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The comprehensive gazetteer and bibliography of the medieval castles, fortifications and palaces of England, Wales, the Islands.
 
 
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Woodford Court House

Also known as, or recorded in historical documents as;
Wodeford Episcopi; Bisshopwodford; Bishop Woodford

In the civil parish of Woodford.
In the historic county of Wiltshire.
Modern Authority of Wiltshire.
1974 county of Wiltshire.
Medieval County of Wiltshire.

OS Map Grid Reference: SU12623532
Latitude 51.11693° Longitude -1.82001°

Woodford Court House has been described as a certain Palace, and also as a probable Fortified Manor House.

There are no visible remains.

This is a Grade 2 listed building protected by law*.

Description

A house dating to C15 or C16 and originating as the Court House for the Bishop of Salisbury's manor. The south east range is the oldest part of the house with the north west range added circa 1830-1840. It is built of rendered brick with a slate roof, extended to north with flint and brick chequerwork on one bay, separately roofed. It has two storeys. A little to the east of the house is the site of a small medieval building, possibly a chapel, which was in a ruinous state and demolished in 1875. (PastScape)

Bishop Shaxton pulled it down because it was already somewhat in ruins. (Leland)

A Royal licence to crenellate was granted in 1337 Aug 30 (Click on the date for details of this licence.).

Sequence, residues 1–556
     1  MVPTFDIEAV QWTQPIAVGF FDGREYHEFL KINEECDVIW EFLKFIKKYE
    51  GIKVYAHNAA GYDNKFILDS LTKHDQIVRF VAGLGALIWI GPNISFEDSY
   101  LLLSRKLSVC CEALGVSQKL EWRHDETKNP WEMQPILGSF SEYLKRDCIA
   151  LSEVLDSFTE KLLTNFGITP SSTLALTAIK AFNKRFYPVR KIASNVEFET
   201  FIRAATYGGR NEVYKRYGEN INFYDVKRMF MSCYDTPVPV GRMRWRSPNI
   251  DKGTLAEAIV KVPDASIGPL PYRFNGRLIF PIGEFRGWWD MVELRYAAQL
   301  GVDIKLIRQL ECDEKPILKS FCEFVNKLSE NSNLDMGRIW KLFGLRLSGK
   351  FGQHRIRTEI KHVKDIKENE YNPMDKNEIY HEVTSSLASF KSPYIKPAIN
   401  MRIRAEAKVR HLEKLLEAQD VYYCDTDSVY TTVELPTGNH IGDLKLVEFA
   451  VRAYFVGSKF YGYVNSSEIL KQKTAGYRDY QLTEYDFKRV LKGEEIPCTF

A Royal licence to crenellate was granted in 1377 July 20.

Comments

Geophysical survey carried out in 2001 by N. Payne. Payne writes 'The resistivity survey has confirmed that the main residential block of the medieval residence of the bishops of Salisbury was probably located to the east of the Court House in Lower Woodford, by the river Avon. The two courses of the river bounded the manor house to the west and east, and the artificial channel to the north may have been cut during the medieval period. Together, these watercourses formed what could be viewed as a partially moated site. The convenient location close to the river Avon meant that the bishops would needed only to take a short boat trip down stream to arrive at the cathedral and bishop's palace at Salisbury, which are situated close to the Avon.'
Links to archaeological and architectural databases, mapping and other online resources

Data >
PastScape   County HER       Listing   I. O. E.
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Sources of information, references and further reading
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The bibliography owes much to various bibliographies produced by John Kenyon for the Council for British Archaeology, the Castle Studies Group and others.
Suggestions for finding online and/or hard copies of bibliographical sources can be seen at this link.
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*The listed building may not be the actual medieval building, but a building on the site of, or incorporating fragments of, the described site.
This record last updated before 1 February 2016

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